The charts exclude cases associated with travel. The shaded area is the 90% Credible Interval (CrI). The dark shaded area is the 50% CrI and the lighter area is the 90% CrI. Note: y-axis denotes incidence of cases by specimen date. Supplementary data is not available for these figures.
Thus far, the majority of cases have occurred in defined networks of GBMSM. To assess whether the outbreak is moving away from this initial subpopulation, we investigate temporal trends in the proportion of cases that do not identify as women. Assuming Monkeypox is being transmitted in sexual networks of GBMSM, the proportion of cases that identify as women should remain constant (allowing for random fluctuations in the observed proportion).
A small number of sporadic transmission events from GBMSM networks to women is expected. However, if the proportion of cases in women is increasing, this could suggest that there is sustained transmission outside GBMSM networks. If the proportion of cases in women with no known links to GBMSM networks is increasing, that could be even stronger evidence of sustained onward transmission.
To assess the evidence, we construct a null hypothesis of no change in the transmission network based on the gender-distribution of cases over the last 6 weeks. We then adjust this observed proportion to the number of cases in the current week, to create a 95% confidence region where we would expect the currently observed gender-distribution to lie if it follows the null hypothesis. By overlaying the currently observed gender-distribution, we can identify statistically significant perturbations. Note that although statistically significant, these perturbations may not reflect underlying transmission changes, since it could also be affected by changes in the relative ascertainment of cases in women relative to men, or unknown cases. We plot the statistical test as a rolling function of time for each week of the outbreak.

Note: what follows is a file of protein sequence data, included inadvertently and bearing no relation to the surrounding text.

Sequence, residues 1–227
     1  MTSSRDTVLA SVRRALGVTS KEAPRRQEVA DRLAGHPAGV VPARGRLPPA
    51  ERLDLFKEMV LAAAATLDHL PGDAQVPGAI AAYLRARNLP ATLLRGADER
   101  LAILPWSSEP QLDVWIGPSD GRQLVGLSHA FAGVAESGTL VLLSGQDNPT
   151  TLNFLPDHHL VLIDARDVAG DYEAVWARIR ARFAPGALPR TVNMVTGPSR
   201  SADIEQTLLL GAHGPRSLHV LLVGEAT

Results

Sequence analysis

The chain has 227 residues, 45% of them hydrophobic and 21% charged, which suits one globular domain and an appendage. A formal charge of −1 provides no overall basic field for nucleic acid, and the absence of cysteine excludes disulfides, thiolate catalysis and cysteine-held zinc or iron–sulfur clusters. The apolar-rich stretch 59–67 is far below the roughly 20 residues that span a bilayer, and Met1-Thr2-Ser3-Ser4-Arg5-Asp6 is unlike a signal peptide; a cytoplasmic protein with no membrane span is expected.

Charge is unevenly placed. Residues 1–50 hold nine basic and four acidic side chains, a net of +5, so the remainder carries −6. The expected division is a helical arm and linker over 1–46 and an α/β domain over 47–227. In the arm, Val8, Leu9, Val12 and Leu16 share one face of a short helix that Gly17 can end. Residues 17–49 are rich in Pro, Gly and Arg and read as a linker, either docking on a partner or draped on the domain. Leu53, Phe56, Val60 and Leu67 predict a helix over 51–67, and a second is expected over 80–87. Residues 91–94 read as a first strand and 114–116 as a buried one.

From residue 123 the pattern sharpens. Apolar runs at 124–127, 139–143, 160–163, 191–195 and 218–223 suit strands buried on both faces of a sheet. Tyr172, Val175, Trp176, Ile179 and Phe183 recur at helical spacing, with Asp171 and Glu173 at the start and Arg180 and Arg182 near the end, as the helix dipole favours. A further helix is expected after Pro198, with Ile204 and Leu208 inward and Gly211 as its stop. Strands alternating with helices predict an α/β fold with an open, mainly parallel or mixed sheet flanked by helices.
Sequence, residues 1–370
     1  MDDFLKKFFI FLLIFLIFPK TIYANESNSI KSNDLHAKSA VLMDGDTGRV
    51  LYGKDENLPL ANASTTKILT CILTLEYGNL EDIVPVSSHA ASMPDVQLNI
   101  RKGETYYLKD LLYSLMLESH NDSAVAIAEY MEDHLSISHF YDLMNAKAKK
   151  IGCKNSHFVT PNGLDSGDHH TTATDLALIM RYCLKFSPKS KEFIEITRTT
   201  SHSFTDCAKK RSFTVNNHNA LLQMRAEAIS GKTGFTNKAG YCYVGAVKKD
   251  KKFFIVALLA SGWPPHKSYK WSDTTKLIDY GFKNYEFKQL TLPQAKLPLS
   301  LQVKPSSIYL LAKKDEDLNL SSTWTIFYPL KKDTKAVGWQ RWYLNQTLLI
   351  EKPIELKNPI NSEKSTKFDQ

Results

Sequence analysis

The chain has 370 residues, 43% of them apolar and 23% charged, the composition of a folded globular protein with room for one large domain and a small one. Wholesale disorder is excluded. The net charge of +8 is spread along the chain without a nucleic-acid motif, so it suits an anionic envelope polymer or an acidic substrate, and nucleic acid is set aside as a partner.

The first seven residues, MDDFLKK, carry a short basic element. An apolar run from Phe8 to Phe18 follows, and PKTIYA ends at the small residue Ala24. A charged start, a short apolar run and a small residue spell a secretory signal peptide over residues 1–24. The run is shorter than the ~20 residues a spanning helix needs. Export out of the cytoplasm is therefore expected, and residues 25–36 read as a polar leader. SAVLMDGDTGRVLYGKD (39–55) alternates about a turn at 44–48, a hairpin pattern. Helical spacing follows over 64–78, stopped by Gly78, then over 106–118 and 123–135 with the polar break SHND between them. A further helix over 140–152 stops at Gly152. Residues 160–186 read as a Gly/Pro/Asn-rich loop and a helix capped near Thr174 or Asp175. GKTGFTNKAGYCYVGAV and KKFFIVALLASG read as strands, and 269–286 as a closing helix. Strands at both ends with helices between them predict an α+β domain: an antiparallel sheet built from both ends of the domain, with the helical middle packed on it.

The proportion of cases in women is currently consistent with the null hypothesis, so there is insufficient evidence to support a change in the transmission dynamics (Figure 8). This is true whether cases in women which have a known link to a GBMSM primary case are included or excluded. However, over the last few weeks the proportion of cases in women has been increasing, so this trend needs to be monitored closely.
The purple shaded area is the null hypothesis (which implies no change in the rate). The solid black line is the proportion observed in the latest week, plotted by the first day of the focal week.
Plot a) removes 5 cases (at time of analysis) which were known to have a link to a GBMSM primary case. Plot b) analysis including all women.
Supplementary data is not available for these figures.
A total of 87 monkeypox genomes have been produced using Illumina metagenomics. Samples that have a monkeypox PCR cycle threshold (Ct) less than or equal to 20, are pre-treated to remove free nucleic acid before extraction and library preparation. This analysis includes information on the most recent 81 genomes that have been generated. This includes 2 pairs of sequences from the same samples in different runs. Both duplicates produced the same results.
A phylogenetic tree is shown in Figure 9. A total of 79 of the sequences contain the 11 B.1 mutations described in technical briefing 3. This clade has been collapsed in the image due to the large number of sequences within the clade internationally. The remaining 2 sequences belong to clade A.2, which contains 16 mutations not found in other clades. The UK genomes that are within the B.1 clade contain 105 distinct point mutations when compared to ON563414.3. A total of 79 of the mutations (75.24%) are consistent with the action of host apolipoprotein B mRNA editing enzyme catalytic polypeptide 3 (APOBEC3) as described in the linked virological post. A further 15 mutations (14.29%) are either C>T or G>A changes but are not the canonical dinucleotides seen in APOBEC3 related mutations.
The tree includes a sample of the international data available in Genbank and the 87 UK genomes from the 2022 outbreak, along with some historic samples for context. Clades B.1 and A.2 are labelled on the tree. B.1 (containing 85 UK genomes) has been collapsed due to the large number of sequences available internationally. Sequences are labelled by accession number for publicly available data, and by internal identifier for new UK genomes. Country and specimen collection date are included in the label and indicated by the colour and shape, respectively. Underlying data is not available for this figure.